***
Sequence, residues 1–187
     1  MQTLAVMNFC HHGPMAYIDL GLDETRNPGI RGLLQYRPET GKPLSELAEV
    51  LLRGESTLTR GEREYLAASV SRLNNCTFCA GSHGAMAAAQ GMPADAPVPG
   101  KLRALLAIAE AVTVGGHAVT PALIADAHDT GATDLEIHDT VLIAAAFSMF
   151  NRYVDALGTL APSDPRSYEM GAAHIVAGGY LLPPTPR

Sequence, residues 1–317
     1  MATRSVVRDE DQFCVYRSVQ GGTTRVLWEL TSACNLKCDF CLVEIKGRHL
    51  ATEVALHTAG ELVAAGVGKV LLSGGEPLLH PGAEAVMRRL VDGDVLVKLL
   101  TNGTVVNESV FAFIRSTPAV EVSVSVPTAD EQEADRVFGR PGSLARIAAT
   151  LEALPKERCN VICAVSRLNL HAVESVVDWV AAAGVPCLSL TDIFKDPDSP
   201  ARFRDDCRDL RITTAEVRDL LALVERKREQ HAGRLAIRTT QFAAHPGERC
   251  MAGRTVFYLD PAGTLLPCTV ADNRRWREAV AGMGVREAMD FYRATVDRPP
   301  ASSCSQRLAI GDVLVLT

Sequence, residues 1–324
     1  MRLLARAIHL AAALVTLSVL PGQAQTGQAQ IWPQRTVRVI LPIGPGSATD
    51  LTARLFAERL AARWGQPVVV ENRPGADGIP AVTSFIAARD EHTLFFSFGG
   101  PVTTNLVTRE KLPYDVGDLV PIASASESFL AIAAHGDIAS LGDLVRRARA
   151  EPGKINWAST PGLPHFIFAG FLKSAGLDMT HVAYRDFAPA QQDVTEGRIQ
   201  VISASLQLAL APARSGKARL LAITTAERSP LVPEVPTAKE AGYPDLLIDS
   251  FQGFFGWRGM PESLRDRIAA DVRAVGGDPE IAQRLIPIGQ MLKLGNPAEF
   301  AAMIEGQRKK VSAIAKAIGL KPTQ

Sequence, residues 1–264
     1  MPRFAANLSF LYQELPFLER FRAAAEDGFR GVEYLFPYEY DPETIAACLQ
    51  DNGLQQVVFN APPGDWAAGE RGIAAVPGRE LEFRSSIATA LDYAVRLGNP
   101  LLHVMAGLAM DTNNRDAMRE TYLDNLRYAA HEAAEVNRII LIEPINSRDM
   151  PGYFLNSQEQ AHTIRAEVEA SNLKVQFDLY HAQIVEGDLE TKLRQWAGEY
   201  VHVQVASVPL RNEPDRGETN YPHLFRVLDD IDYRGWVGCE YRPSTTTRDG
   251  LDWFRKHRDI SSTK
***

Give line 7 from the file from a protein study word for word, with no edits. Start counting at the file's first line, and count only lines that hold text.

     1  MATRSVVRDE DQFCVYRSVQ GGTTRVLWEL TSACNLKCDF CLVEIKGRHL